While the theming and overall attention to detail on the Galactic Starcruiser were excellent, there were some areas of the ship and experience that didn’t quite measure up to the standards established by the price tag. Unfortunately, this starts right at the beginning and again becomes your final impression of your experience on the Halcyon. The Launch Pod is a glorified elevator like what is used on Space 220. However, the “windows” of this pod are small and awkwardly placed in the upper edges of the room.
Also, there are no major motions or effects to really simulate a flight into space to dock with the Starcruiser. I don’t think Disney needed to turn this into a ride experience per se (would probably necessitate restraints and costly maintenance), but something similar to the Resistance Transport on Rise of the Resistance with subtle motions, special effects, vibrations, and an animatronic would take this quick trip a bit more memorable.
The same goes for the Transport Shuttle to Batuu that really should have been more of a ride experience. I commend Imagineers for making this trip as seamless as possible, but they really missed an opportunity to make this trip special. Guests hear their droid pilot over the speakers, but never see him. Disney uses animatronics and screens on both rides in Galaxy’s Edge and on Star Tours, but for this critical link between the Galactic Starcruiser and Batuu, guests are left with just an audio track.
In fact, animatronics are almost completely absent from the Galactic Starcruiser. While I think having an animatronic perform during dinner a la Chuck E. Cheese would have been corny, I think there were plenty of other places where animatronics could have been used around the ship. I guess you could categorize SK-620 as an animatronic, and D3-O9 acts somewhat like an animatronic actor on the screen in your cabin, but there aren’t really any other applications of Disney’s patented storytelling tool. There are a couple of fish-like creatures swimming in jars at the bar of the Sublight Lounge, but those are more atmospheric than anything else. This is definitely a character-driven experience, but I feel that audio-animatronics could have been put to use here.
Another problem is that one of the most recognizable characters is inaccessible. Kylo Ren is the big villain, and constant threat for guests on board the Halcyon, but he only appears in the experience’s finale. He does not interact with guests at any point during the experience that we saw aside from the interactions general park guests get from him in Galaxy’s Edge.
Lt. Croy is the personification of the First Order on the Halcyon, and Storm Troopers are constantly marching around the decks, but Kylo Ren is nowhere to be found until the end of Day 2. This is a clear editorial choice to manage the stories happening on the Galactic Starcruiser, but I don’t understand why guests following the First Order storylines could not “smuggle” and interact with the Supreme Leader like guests could do with Rey. I suppose it’s not fitting with Kylo’s character to sneak around a cruise ship, but there could certainly be scene where he could appear to guests loyal to the First Order or to deliberately walk through hallways in front of guests to make the First Order threat more menacing. Designers obviously want guests to connect and interact with the main characters, who are all new to the Star Wars canon, but it’s the familiar characters that help sell the realism of the experience within the greater Star Wars Universe.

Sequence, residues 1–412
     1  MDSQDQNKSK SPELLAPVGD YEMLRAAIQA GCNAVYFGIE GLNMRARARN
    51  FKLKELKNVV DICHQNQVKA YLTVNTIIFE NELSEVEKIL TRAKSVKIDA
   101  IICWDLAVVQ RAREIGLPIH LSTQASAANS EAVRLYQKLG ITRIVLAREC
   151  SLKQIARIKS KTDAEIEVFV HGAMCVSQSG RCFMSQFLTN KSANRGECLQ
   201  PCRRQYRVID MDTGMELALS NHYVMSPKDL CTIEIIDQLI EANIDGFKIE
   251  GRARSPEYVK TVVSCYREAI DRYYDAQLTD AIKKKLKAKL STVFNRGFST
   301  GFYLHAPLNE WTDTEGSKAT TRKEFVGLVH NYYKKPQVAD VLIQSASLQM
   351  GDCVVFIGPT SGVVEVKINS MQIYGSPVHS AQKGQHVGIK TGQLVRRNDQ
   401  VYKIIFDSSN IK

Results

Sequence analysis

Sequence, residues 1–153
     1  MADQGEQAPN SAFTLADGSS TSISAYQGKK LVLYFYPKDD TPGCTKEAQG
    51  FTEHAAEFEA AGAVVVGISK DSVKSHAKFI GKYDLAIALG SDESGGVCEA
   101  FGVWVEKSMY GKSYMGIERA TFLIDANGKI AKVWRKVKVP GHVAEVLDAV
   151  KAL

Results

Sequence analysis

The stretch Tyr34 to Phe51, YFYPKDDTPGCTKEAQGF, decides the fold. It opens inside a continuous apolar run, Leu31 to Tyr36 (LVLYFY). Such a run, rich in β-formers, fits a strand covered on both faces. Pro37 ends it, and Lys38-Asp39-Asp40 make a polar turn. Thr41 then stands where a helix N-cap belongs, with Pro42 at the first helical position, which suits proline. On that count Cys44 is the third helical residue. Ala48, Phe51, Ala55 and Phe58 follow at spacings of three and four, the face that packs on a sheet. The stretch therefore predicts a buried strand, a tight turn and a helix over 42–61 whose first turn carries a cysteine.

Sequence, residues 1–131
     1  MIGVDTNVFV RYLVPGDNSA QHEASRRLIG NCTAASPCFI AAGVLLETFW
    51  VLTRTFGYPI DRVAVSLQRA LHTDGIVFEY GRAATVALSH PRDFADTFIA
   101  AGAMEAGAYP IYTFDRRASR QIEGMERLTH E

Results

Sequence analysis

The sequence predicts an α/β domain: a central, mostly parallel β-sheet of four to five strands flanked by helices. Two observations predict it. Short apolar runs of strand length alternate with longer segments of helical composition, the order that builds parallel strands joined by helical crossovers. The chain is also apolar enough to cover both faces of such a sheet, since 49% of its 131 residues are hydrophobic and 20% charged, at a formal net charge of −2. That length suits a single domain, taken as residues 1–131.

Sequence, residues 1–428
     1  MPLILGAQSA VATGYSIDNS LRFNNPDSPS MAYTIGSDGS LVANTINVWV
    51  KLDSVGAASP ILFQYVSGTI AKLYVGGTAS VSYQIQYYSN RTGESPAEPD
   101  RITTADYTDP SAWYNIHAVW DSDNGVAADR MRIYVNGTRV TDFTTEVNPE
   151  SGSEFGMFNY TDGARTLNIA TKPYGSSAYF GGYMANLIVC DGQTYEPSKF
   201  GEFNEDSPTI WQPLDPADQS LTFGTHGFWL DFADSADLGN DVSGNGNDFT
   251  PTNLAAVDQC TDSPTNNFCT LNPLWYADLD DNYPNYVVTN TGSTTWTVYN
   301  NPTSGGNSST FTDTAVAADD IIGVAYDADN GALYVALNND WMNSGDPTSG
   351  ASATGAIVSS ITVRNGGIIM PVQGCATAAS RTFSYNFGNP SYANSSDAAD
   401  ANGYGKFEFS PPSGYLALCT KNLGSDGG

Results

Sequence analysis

While the technology and design of the Galactic Starcruiser is amazing, I think Imagineers could have done more to immerse guests in the concept of flying through space on a luxurious starship. Aside from the space windows and occasional ambient noise, there aren’t many effects used to make guests feel like their moving. Obviously, Disney wouldn’t want to make guests seasick or have bouts with vertigo, but I was expecting some more vibrations in the floor, particularly when the ship went into Hyperspace. Additionally, I think Disney missed an opportunity to really deliver a top-notch ride-type experience with the Bridge Training and subsequent scenarios by not having that portion of the ship be a gimble box. While the Halcyon does not maneuver like the Millennium Falcon, they could have done something to create the illusion of flying through space beyond the impressive visual displays. There are scenes where the ship is in battle, but unless you want to manually throw yourself back and forth about like a character on the Starship Enterprise, there are no physical effects to simulate movement or impacts on the Bridge.
For some guests, these issues could be deal killers when you’re spending the kind of money a trip on the Galactic Starcruiser costs. For me, many of these issues were slight annoyances when I first noticed them, but ultimately faded in the background as I got swept up into the stories of the Halcyon. As with any project, there is going to be a give and take between features and budget, but many guests will assume that the price for the Galactic Starcruiser buys you an experience with a virtually unlimited budget. Unfortunately, that’s not reality and those unrealistic expectations need to be tempered with the fact that even an ambitious project like this is going to have constraints. Perhaps Disney can eventually correct some of these issues as they gain feedback from guests to make it even better, but in my eyes our overall experience on the Galactic Starcruiser had far more hits than misses.